Democratic Rep. Elissa Slotkin’s decision to run for Senate seat held by retiring Democrat Debbie Stabenow means that there will be an intense race to replace her in Michigan’s 7th Congressional District, a constituency in the Lansing area and northwestern Detroit exurbs that supported Joe Biden by a tiny 49.4-48.9 margin. The 2022 contest attracted a combined $21.3 million from the top four House groups in the nation, putting it behind only California’s 22nd, and both parties are preparing for another expensive fight.
On the Republican side, 2022 nominee Tom Barrett sounds likely to try again now that he won’t need to go up against Slotkin. Barrett, a former state senator who lost by a surprisingly wide 52-46 margin, told The Dispatch’s Audrey Fahlberg, “Senator Barrett has received very strong encouragement from throughout Michigan to run for the 7th District and is putting together plans to do so.” (Yes, he referred to himself in the third-person Bob Dole style.)
A Barrett advisor told the Lansing State Journal later Monday that his man “plans to” try again and will announce sometime in the next few weeks. That’s not quite an ironclad yes, though, and national Republicans may prefer to have an alternative to a far-right former legislator who failed to meet his own campaign’s fundraising goals. Barrett, who wore a "naturally immunized" wristband and refused to say if he was vaccinated, infamously tried to make up for lost time by sending out out a fundraising appeal by text message falsely telling recipients that "your child's gender reassignment surgery has been booked," complete with a phony time for the appointment.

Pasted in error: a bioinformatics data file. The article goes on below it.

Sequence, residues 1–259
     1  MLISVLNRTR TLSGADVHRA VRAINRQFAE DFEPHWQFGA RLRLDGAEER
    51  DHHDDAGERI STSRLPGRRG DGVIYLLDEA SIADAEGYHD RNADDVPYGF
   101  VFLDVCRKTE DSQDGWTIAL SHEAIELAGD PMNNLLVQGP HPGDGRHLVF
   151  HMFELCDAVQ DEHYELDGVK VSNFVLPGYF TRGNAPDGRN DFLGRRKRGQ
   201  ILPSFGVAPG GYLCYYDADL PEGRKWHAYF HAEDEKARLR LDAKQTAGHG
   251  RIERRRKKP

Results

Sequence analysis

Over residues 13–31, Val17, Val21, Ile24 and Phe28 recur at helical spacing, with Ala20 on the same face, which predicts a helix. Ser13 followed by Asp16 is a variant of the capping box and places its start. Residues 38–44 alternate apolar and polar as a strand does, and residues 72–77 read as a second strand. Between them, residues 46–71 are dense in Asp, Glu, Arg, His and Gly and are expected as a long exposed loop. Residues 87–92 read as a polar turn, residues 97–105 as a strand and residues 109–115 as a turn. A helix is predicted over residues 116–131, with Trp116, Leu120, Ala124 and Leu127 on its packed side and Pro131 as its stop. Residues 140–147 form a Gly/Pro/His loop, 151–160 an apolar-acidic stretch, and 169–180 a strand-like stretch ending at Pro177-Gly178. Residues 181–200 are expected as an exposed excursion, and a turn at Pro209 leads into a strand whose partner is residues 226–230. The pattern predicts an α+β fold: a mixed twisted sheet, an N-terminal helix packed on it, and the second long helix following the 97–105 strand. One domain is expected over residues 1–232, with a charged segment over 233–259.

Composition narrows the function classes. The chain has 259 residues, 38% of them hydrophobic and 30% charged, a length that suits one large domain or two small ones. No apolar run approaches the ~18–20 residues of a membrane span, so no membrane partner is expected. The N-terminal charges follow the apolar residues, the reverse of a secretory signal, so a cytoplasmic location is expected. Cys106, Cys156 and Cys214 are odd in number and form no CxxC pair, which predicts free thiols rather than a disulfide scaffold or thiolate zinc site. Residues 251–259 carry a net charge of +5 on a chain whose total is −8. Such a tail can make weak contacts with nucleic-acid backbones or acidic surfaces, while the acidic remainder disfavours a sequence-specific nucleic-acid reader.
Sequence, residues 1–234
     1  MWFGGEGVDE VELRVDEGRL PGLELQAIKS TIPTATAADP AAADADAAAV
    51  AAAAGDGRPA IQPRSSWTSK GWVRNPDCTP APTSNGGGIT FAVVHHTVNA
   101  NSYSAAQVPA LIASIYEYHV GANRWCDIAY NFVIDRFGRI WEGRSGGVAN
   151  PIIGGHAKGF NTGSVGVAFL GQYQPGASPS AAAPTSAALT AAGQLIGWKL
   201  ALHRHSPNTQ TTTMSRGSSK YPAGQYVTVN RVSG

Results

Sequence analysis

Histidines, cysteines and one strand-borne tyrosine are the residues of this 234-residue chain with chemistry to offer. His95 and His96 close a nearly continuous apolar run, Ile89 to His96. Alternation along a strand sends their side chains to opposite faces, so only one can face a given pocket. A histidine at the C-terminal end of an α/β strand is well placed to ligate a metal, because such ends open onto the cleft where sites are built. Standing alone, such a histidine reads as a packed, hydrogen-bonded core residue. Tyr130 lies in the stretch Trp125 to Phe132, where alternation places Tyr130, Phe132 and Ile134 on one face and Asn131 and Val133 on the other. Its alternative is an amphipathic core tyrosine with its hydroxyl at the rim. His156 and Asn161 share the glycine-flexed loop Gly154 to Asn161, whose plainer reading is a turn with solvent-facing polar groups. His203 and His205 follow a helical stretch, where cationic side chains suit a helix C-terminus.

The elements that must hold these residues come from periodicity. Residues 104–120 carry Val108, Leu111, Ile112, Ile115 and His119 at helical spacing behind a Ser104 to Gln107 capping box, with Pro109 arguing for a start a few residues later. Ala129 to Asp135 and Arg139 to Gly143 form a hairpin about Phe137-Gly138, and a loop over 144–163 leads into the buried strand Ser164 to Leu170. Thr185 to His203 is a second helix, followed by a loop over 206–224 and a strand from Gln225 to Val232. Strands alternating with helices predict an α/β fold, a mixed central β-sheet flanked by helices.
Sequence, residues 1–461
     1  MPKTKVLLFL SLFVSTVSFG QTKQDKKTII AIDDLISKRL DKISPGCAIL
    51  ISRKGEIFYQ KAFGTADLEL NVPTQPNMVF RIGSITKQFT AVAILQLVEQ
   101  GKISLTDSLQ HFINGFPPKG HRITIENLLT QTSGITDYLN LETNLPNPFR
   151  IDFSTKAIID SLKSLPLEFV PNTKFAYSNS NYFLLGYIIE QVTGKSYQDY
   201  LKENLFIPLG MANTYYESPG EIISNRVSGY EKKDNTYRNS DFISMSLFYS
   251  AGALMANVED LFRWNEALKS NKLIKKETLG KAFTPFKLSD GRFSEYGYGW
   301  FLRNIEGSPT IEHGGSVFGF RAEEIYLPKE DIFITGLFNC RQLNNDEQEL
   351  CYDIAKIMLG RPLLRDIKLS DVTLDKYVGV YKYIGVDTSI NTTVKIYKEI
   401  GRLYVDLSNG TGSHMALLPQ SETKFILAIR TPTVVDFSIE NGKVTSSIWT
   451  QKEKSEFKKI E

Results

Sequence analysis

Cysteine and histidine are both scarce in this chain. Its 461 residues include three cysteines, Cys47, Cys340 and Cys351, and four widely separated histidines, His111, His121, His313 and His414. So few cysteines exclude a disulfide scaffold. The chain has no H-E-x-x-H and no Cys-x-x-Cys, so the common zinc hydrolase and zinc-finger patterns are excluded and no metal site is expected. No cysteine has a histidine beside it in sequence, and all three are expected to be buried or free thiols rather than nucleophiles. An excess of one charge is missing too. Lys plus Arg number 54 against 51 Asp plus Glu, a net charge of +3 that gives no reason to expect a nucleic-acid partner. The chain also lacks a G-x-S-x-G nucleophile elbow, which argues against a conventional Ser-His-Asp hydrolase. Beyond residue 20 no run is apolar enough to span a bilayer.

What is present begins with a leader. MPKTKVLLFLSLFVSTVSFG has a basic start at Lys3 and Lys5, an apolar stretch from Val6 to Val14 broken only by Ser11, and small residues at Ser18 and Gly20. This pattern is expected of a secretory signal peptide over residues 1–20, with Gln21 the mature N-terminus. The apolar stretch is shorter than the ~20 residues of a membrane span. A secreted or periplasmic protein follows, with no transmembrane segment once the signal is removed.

The Republican, an ardent abortion rights foe who refused to say if he supported exemptions even to save the life of the mother, also proved to be a terrible choice in a year where Michigan voters decisively approved an amendment to enshrine reproductive rights into the state constitution.
Ingham County Clerk Barb Byrum, who is a former state representative, meanwhile was quick to express interest in campaigning for the Democratic nod. (Her mother, Dianne Byrum, lost to Republican Mike Rogers by all of 111 votes in a 2000 contest to replace none other than Stabenow in a previous version of this seat.) Byrum told the Journal, “Over the coming weeks, I have many conversations to have.” Lansing Mayor Andy Schor also said he’d be mulling it over in what the paper characterized as “the coming days” while a third Democrat, state Rep. Julie Brixie, declared, “If I am needed, I would certainly consider it.”